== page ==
I thank the Chair for inviting the Electricity Association of Ireland to address the committee on the issue of achieving a 51% reduction in emissions by 2030 over 2018 levels.
I am the chief executive of the Electricity Association of Ireland and I am joined by Mr. Stephen Douglas, senior policy adviser and Ms Gemma Bewley, policy adviser. At the end of this presentation, we would be happy to answer any questions the committee might have. If we are unable to provide answers today, I will arrange for the relevant information to be sent in writing to the committee.
The EAI is the trade association for the electricity industry on the island of Ireland. We represent over 90% of electricity generation and retail supply activities, and 100% of distribution. Our members have a significant presence across the sector value chain. We represent the interests of the all-island electricity market in Ireland, the UK and the EU, through membership of the European electricity sectoral representative body, Eurelectric.
Our vision is for a decarbonised future, powered by electricity. Our sector supports the Government’s ambition for a carbon-neutral economy. As stated by the Climate Change Advisory Council, the continued decarbonisation of Ireland’s electricity sector is of fundamental importance to achieving climate action targets, as this is the foundation of decarbonisation in many sectors.
There is no other energy carrier that can curb greenhouse gas, GHG, emissions in transport and heating sectors to the same extent and scale as electricity. As part of our commitment to achieving our vision, the EAI commissioned the centre for Marine Research and Innovation, MaREI, to model the electricity system in 2030, under the base assumption that 70% of the 50 TWh of electricity consumed on the island will be generated by renewable energy sources. The resultant report, Our Zero e-Mission Future, which was circulated to this committee previously, demonstrates unequivocally that a 70% ambition for renewables in 2030 is achievable on an all-island basis. However, it will require significant investment in the all-Ireland grid and an accelerated electrification of heating and transport to place Ireland firmly on the path to net zero emissions.
The MaREI researchers used publicly available data, stated Government ambition and independent modelling to project into the future. Uniquely, they examined a quarter of a million hours of historical weather data. This allowed them to determine the extremes that the future weather-dependent, electricity generation system on the island of Ireland will have to flex to.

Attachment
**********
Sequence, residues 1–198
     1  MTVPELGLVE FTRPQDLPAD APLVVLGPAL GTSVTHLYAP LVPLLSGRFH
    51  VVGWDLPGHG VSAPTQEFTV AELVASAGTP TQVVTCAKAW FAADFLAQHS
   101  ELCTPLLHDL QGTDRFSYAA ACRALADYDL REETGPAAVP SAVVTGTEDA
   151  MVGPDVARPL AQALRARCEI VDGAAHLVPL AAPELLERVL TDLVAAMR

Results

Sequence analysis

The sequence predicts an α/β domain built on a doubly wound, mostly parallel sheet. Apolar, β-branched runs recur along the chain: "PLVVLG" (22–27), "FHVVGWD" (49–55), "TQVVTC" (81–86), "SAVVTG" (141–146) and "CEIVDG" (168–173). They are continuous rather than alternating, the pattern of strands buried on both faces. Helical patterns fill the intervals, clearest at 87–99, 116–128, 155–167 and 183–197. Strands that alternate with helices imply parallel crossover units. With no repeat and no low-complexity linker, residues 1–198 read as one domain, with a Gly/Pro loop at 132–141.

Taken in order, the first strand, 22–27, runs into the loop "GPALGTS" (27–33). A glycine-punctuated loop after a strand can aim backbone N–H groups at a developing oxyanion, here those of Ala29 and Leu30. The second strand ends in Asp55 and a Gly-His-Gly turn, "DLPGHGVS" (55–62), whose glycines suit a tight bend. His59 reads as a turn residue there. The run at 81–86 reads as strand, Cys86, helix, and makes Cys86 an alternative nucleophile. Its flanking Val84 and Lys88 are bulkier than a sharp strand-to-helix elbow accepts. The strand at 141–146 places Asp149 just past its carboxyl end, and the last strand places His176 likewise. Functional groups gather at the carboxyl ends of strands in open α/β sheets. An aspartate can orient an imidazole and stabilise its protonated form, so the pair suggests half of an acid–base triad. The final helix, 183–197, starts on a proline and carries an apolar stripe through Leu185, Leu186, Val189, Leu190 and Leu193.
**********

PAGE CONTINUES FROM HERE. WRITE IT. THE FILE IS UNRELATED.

They found that by the end of the decade, the island’s electricity system will be 40% larger in capacity but will emit half the emissions of today. This will require all planned electricity interconnectors - including North-South, from the Republic of Ireland to the UK and from the Republic of Ireland to France - to be in place by 2030. However, backup generation fuelled by natural gas will be used less. The findings will have implications for the economics of existing and new investments.
The analysis of the weather data shows the importance of being able to export and import energy through the interconnectors during high and low wind periods. During conditions where electricity demand is high but weather-dependent generation is low, we will need all storage and system flexibility to be maximised and all backup generation, including natural gas, to be available.
The study looks at potential pathways to net zero. It includes the 5 GW of additional wind energy to the climate action plan that is in the programme for Government and highlights the need for increased interconnection. After 2030 there is implicit uncertainty about the most appropriate low-carbon technologies and energy sources. Large storage projects, carbon capture and storage, interconnection or power to hydrogen all share a requirement for early investment decisions, significant capital commitment and long lead times for construction.
With one year gone and nine to go to 2030, it is imperative that the Oireachtas turns its attention to ensuring that the correct policy signals stimulate appropriate market incentives and the right investments for a cost-effective and just transition. Ireland has already achieved world-leading rates of renewable penetration for weather dependent energy on an isolated island system. There is now a significant opportunity to crystallise a leadership role in the energy transition. However, this will require a much faster rate of switching from high carbon fossil fuel to electric heat pumps and vehicles and a much more flexible and agile electricity grid to absorb the projected level of weather-dependent generation. An all-island approach to market development and infrastructural investment will be required too.
This report is a postcard from the future and sets out the challenge we face of swapping the petrol in our cars and the kerosene in our boilers for plugs. We must also co-ordinate policy, planning and investment to facilitate the increasing levels of electricity generated renewably. Ultimately, it will be this renewable electricity that will be relied upon to fuel the backup zero carbon emission generation of the future. The time to invest in our all-island electricity system is now and is a no-regrets decision from which future generations will benefit.
I thank the committee for the opportunity to give evidence to the inquiry. I am happy to answer, with my colleagues, any questions the committee might have.